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    Ceiling fan. AC or DC

    I'm finally going to install a ceiling fan in our master bedroom. I have to go into the attic to install the box and run power to it as my house only has bedside lights. Ideally, I'd like to control it via HS as I do have temperature monitoring already. What I'm trying to decide is whether or not to go with an AC fan or a DC fan.
    I see the Inovelli has a nice ZWave Ceiling Fan Controller + Smart Light Switch which would work for AC type fans, but what are the options to control a DC fan?
    I also believe that DC fans are quieter, smaller and use less energy. The downside is the cost is higher than AC fans. Trying to weigh one over the other.
    What are you folks using for ceiling fans with control via HS?

    Robert
    HS3PRO 3.0.0.500 as a Fire Daemon service, Windows 2016 Server Std Intel Core i5 PC HTPC Slim SFF 4GB, 120GB SSD drive, WLG800, RFXCom, TI103,NetCam, UltraNetcam3, BLBackup, CurrentCost 3P Rain8Net, MCsSprinker, HSTouch, Ademco Security plugin/AD2USB, JowiHue, various Oregon Scientific temp/humidity sensors, Z-Net, Zsmoke, Aeron Labs micro switches, Amazon Echo Dots, WS+, WD+ ... on and on.

    #2
    I use Minka DC Fans. They are noticeably more energy efficient. We have about 10 fans in the house, so DC does matter.

    I do wire in a z-wave on/off switch to provide power to the fan / wall remote. Thus, when I shut the switch, it cuts power to the fan / wall remote. Yes, that adds another switch to the mix. I use the HomeSeer HS-WS200+ Z-Wave Plus Scene-Capable RGB Smart Switches for this purpose. But, I prefer the wall remotes over their handheld ones. These fans, do work with our Bond Home controller which I rarely interact with, but do occasionally.. I have not tried using the Bond Home Plugin as I really don't need it. If it was free, I'd probably try it out. But, since we generally set our fans to a particular speed and then just use the main power switch for on/off, there is no real problem I am trying to solve for.

    And, using the HS-WS200+ gives me a great scene controller for every room to control All On, All Off, Table Lamps On, Table Lamps Off, etc. By the way, I have about 14 rooms wired this way. And, all the rooms works the same way with the wall controller / fans. This makes it easy to explain to anyone at the house.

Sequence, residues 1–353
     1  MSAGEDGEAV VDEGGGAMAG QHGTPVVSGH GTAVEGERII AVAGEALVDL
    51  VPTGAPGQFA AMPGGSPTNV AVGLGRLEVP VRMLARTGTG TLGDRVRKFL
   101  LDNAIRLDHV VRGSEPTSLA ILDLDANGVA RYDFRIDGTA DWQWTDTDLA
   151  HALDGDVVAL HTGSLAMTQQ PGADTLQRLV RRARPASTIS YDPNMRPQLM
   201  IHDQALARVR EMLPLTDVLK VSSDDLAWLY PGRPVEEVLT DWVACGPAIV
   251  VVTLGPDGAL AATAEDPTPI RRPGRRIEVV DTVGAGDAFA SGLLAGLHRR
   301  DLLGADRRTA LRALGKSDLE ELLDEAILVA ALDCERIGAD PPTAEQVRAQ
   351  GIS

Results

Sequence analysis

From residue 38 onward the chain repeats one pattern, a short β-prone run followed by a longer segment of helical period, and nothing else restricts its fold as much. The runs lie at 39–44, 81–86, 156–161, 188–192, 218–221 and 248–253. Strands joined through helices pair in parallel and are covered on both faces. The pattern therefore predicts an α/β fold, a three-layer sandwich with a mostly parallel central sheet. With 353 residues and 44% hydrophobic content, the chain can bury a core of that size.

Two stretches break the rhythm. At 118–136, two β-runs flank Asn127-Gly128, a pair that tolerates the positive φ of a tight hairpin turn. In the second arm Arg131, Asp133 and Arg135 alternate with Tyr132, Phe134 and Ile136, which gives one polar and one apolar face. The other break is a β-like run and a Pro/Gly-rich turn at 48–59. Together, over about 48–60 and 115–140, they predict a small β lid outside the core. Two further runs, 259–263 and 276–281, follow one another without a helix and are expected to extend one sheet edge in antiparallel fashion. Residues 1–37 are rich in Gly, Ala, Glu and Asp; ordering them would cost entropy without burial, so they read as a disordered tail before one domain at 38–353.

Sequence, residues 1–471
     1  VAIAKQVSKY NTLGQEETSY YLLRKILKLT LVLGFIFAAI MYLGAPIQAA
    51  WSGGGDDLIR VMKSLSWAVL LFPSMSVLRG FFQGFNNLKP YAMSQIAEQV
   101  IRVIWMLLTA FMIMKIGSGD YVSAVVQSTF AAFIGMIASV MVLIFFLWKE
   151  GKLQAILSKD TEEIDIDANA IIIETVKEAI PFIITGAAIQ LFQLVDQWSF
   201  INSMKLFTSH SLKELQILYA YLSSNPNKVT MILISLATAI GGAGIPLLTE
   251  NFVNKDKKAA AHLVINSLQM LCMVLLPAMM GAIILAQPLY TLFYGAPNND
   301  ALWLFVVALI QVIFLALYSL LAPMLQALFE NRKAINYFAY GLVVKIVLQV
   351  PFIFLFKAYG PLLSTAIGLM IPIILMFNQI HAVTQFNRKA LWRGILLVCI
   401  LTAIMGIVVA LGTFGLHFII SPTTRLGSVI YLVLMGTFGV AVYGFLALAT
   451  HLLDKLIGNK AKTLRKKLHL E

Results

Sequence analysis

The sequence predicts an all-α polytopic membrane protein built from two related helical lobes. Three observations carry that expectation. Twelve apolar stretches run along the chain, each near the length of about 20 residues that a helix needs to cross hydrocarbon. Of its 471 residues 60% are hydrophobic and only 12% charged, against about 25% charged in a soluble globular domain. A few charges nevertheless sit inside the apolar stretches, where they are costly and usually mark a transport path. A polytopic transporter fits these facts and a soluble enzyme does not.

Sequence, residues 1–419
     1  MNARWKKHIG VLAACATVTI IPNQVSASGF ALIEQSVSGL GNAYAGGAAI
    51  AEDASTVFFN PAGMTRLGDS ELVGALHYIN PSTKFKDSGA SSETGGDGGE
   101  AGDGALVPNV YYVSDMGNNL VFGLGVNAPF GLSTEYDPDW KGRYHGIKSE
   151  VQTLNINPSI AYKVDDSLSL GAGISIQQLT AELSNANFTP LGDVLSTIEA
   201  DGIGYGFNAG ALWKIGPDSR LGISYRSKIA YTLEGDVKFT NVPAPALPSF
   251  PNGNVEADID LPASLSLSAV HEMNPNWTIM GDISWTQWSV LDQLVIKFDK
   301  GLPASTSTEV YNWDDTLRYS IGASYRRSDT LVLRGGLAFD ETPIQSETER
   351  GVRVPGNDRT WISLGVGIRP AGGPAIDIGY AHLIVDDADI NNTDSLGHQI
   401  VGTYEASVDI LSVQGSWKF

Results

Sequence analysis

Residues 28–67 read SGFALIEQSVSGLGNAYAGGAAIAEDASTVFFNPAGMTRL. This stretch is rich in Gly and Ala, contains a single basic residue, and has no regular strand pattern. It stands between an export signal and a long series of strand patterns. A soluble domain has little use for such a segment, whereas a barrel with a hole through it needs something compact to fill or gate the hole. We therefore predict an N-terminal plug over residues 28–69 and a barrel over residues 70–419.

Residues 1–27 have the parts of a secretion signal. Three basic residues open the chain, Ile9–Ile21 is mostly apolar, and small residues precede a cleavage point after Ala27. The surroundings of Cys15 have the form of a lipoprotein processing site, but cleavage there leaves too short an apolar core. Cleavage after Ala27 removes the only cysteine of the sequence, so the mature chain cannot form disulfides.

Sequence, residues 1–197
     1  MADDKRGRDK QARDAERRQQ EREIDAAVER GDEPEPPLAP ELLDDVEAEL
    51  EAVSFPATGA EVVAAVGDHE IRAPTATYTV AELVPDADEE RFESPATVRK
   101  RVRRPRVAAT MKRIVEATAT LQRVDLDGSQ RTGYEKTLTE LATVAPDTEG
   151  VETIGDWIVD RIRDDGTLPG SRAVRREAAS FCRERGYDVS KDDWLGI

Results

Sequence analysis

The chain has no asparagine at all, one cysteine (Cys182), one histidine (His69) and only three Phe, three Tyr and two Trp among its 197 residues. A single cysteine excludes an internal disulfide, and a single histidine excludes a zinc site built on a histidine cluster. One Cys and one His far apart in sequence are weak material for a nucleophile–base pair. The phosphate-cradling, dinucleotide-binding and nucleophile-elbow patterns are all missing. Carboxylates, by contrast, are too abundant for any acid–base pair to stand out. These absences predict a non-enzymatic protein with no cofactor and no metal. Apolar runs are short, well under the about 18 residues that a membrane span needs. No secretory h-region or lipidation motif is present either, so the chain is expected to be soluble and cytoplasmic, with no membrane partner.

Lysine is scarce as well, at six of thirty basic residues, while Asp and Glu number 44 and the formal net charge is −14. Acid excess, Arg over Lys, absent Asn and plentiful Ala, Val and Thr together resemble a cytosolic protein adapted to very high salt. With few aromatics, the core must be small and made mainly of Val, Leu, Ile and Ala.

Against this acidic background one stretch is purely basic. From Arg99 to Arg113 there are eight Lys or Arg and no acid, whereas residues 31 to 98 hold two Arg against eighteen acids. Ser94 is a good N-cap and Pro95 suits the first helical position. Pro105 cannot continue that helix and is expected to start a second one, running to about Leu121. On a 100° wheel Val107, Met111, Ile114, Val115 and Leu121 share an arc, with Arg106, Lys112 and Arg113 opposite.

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      #3
      I also put in a Minka DC fan. I only have one ceiling fan, in the bedroom. The DC fan is silent. It has 6 speeds, plus the remote can reverse the flow if needed. I haven't incorporated it into HS, but would use Bond and the plugin if I would. I only use the remote to control it. Our fan has a light, but it dims/brightens by holding down the light button. I rarely adjust the light level. I highly recommend the fan.

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        #4
        So I wrote about being unable to integrate my kichler dc fan into homeseer but I looked into bond mentioned above and it looks like it should work. I don't know how that didn't come up when i was searching before. Anyways I'm going to check it out.

        As far as DC fans go, I really like mine. If bond works good, then I'm definately happy with my fan, as I was disappointed it was difficult to integrate.

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          #5
          Thank you for all your feedback. I didn't know anything about the Bond bridge or plugin.

          Learn something new every day...
          HS3PRO 3.0.0.500 as a Fire Daemon service, Windows 2016 Server Std Intel Core i5 PC HTPC Slim SFF 4GB, 120GB SSD drive, WLG800, RFXCom, TI103,NetCam, UltraNetcam3, BLBackup, CurrentCost 3P Rain8Net, MCsSprinker, HSTouch, Ademco Security plugin/AD2USB, JowiHue, various Oregon Scientific temp/humidity sensors, Z-Net, Zsmoke, Aeron Labs micro switches, Amazon Echo Dots, WS+, WD+ ... on and on.

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            #6
            I didn't even know DC fans exist. We have Hunter Douglas fans and they are controlled via the RFXCOM plugin which requires an RF transmitter. The biggest disadvantage is that the fan doesn't report it's status back to HS. It's basically a one-way communication. There is also some issue with the light. But all in all it does what we want it to do, i.e. we can tell Alexa to turn on the fan, set it to one of the 3 speed levels, etc.

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